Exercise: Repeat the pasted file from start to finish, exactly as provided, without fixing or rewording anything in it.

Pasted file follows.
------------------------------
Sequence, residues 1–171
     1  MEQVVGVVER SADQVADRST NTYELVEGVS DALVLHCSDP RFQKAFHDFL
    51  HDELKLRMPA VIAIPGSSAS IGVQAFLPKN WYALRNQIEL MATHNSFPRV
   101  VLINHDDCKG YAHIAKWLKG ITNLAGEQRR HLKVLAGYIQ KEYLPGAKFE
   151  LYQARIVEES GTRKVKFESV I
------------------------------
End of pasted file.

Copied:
Sequence, residues 1–171
     1  MEQVVGVVER SADQVADRST NTYELVEGVS DALVLHCSDP RFQKAFHDFL
    51  HDELKLRMPA VIAIPGSSAS IGVQAFLPKN WYALRNQIEL MATHNSFPRV
   101  VLINHDDCKG YAHIAKWLKG ITNLAGEQRR HLKVLAGYIQ KEYLPGAKFE
   151  LYQARIVEES GTRKVKFESV I